In order to obtain insight into defect complexes, we have calculated the formation energy of a VTi–interstitial Ti pair as a function of the separation of the individual components, i.e., the titanium vacancy, VTi, and the interstitial titanium atom. Supercell models were prepared with interstitial Ti in the BO configuration and VTi created at different positions such that the distance of VTi from the interstitial Ti is 2.15, 4.20, 4.58, 6.44, and 9.23 Å. After minimizing the internal forces in the supercells (geometrical optimization) it is found that for the first three shorter pair separations the interstitial Ti is expected to be attracted to an empty lattice site which may result in elimination of the defect. However, at larger separations of 6.44 and 9.23 Å the interaction between VTi and the interstitial titanium atom is screened by the host atoms in between. As a result, VTi and the interstitial Ti atom are trapped into local energy minima without any appreciable change in their separation distance. The formation energies for the three shortest separation distances are identical and are almost 3.9 eV lower in energy than the formation energies of the two larger distances. Ideally, from the energetics it could be expected that vacancies and interstitials should annihilate each other and thus re-establish the environment of an ideal hcp lattice if these defects are in close proximity.

### Interstitial and substitutional impurities

Formation energies of the impurities for interstitial and substitutional positions in hcp Ti lattice are calculated from “elemental” chemical potentials (μelement) and ‘oxide’ chemical potentials (μoxide), see Supporting information, that are listed in Tables 3 and 4, respectively. For example, Fig. 2a shows the formation energies calculated for O impurity in Ti. The formation energies towards the lower range is obtained from total energy of an O2 molecule, which could be interpreted as a thermodynamic condition with an oxygen rich environment, while the formation energies towards the upper range is derived from TiO2 in the rutile structure, which could be interpreted as a thermodynamic condition with oxygen deficient environment. The horizontal dashed lines in this figure denote the configuration with lowest formation energies in each case. It is observed that the O atom favors an octahedral interstitial position when the environment is oxygen deficient. On the other hand, in an environment with rich supply of oxygen the thermodynamic stable phase is oxygen impurity pairs resulting in DB and DC configurations (see Fig. 1). The relative differences in the formation energies of interstitial and substitutional positions for the two types of chemical environment can be estimated from the data of Fig. 2a.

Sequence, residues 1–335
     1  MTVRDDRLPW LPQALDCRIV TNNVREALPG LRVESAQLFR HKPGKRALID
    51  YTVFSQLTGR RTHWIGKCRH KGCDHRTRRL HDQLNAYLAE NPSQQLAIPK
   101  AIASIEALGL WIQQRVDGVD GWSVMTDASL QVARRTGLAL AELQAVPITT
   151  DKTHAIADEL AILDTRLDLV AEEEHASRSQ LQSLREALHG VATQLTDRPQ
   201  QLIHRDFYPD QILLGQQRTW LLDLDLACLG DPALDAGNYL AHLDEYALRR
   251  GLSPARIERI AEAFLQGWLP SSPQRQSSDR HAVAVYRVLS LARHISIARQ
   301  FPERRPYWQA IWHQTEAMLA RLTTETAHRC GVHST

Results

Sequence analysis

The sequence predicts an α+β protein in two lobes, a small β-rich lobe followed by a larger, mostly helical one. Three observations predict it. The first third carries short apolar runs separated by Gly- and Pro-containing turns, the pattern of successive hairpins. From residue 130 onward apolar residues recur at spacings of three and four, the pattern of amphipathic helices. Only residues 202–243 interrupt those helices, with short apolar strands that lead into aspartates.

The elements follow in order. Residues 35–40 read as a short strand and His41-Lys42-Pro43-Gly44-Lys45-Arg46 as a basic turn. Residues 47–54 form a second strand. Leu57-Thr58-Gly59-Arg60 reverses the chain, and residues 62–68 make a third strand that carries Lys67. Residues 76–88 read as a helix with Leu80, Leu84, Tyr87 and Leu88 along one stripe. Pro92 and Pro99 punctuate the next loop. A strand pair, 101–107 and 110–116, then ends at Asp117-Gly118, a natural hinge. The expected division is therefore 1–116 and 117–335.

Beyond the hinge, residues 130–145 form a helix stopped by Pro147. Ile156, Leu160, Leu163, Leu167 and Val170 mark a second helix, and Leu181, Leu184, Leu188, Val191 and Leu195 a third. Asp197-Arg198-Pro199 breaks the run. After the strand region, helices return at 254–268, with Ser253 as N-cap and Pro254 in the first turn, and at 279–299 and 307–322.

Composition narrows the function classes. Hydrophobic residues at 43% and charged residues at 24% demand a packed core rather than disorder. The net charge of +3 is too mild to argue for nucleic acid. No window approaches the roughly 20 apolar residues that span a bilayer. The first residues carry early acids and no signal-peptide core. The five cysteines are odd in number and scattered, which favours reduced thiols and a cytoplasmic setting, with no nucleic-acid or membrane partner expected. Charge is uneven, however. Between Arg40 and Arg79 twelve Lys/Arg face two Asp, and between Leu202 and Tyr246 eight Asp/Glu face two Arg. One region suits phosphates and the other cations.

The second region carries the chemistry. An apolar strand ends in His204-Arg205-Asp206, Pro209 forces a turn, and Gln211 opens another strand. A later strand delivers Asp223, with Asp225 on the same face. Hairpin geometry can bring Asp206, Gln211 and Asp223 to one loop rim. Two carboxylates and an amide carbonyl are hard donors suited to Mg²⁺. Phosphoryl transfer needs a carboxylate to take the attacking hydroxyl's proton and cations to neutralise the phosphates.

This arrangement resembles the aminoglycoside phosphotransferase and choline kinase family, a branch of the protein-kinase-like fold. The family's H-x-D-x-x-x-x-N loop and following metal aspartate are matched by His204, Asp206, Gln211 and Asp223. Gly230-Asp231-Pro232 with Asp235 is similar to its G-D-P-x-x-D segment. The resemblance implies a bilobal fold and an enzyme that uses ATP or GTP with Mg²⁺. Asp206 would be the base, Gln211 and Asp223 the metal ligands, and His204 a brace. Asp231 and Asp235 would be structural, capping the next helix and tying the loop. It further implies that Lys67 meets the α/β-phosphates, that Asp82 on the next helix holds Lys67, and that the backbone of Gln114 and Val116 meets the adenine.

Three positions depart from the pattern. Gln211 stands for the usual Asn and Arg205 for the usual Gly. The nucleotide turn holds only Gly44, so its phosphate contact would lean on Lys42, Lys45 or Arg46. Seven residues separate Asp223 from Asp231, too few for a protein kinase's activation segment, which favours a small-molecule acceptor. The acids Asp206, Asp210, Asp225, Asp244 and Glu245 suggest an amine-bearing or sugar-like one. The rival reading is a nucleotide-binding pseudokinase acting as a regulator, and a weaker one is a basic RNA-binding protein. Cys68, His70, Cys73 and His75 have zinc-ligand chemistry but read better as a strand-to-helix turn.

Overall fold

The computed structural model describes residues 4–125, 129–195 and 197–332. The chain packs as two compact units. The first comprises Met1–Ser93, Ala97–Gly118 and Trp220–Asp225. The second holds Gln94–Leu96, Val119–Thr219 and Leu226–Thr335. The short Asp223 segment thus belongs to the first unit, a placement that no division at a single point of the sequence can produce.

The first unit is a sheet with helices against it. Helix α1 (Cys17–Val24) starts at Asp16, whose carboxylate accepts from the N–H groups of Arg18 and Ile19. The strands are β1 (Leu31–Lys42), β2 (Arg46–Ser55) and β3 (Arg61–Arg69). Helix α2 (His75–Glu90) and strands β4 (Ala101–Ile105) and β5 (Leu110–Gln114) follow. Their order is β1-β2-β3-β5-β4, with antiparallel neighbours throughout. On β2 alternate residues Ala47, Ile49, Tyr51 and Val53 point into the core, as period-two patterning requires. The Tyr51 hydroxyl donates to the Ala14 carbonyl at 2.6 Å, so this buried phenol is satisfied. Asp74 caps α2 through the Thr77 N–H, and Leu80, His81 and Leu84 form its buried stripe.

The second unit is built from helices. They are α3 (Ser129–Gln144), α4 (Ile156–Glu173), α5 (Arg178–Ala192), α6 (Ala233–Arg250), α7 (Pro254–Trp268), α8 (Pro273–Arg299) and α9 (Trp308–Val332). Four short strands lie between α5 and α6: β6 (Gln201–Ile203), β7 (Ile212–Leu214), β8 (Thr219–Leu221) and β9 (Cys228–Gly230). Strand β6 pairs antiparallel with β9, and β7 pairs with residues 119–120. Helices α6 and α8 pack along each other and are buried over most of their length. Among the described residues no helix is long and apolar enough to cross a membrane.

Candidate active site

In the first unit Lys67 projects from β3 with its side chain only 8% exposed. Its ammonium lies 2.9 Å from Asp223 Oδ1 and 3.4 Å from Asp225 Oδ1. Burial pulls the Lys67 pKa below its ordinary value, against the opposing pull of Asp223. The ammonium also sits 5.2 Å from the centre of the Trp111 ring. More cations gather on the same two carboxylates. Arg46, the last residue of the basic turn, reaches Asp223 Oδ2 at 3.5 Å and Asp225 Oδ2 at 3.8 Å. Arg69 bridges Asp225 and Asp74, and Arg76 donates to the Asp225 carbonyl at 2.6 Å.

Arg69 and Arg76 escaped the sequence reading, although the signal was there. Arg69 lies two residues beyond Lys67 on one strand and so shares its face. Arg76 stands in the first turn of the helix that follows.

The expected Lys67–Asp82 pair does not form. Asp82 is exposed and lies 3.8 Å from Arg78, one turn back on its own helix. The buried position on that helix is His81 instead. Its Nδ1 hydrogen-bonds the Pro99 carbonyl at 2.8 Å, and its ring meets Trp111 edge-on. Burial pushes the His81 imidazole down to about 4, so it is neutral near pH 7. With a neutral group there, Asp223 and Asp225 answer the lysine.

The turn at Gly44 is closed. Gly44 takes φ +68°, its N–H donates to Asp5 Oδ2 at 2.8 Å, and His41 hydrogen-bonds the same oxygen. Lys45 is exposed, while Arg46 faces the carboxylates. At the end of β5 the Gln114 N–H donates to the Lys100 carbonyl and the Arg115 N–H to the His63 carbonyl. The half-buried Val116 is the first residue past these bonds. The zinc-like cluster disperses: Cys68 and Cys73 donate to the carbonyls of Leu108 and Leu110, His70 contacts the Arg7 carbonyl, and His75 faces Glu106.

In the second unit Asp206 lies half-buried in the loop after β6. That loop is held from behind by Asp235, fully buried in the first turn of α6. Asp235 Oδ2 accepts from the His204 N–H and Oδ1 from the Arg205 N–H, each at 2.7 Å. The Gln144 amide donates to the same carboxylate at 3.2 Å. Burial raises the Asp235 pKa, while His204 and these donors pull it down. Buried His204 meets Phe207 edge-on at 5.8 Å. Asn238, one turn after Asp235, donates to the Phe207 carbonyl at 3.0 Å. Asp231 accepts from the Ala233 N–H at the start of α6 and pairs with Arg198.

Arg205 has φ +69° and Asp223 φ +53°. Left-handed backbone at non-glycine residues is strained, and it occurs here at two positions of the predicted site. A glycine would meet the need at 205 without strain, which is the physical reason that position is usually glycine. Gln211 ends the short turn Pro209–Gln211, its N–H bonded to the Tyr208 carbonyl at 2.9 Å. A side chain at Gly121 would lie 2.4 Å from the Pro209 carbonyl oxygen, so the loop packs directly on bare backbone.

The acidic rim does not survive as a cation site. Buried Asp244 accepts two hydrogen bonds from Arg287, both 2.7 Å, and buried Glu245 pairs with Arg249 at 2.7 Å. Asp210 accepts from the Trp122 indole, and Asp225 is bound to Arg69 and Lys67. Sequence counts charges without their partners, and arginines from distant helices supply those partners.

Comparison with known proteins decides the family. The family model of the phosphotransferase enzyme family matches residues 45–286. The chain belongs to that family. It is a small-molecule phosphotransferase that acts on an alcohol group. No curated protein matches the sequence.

The lower the formation energy of a defect configuration, the higher the probability of finding such a defect in the sample. Fig 2b shows the lowest formation energies obtained for different elements, H (atomic number = 1) through Ca (atomic number = 20), except for noble gas elements He and Ne. Additional selected elements from 3d, 4d, and 5d series transition metal elements, V, Ni, Cu, Zr, Mo, Ag, Ta, W, Au, and Pb, are considered in order to compare the trend of formation energies of elements for relatively larger atomic size. The formation energies of these cases are shown in the shaded region of Fig. 2b. The trend in the lowest formation energies (among the various configurations of impurities) in Fig. 2b which is derived from μelement is marked by the red line. The formation energies obtained from μoxide are marked by the blue line in the same figure. It is found that these chemical potential treatments lead to two different trends in the lowest formation energies.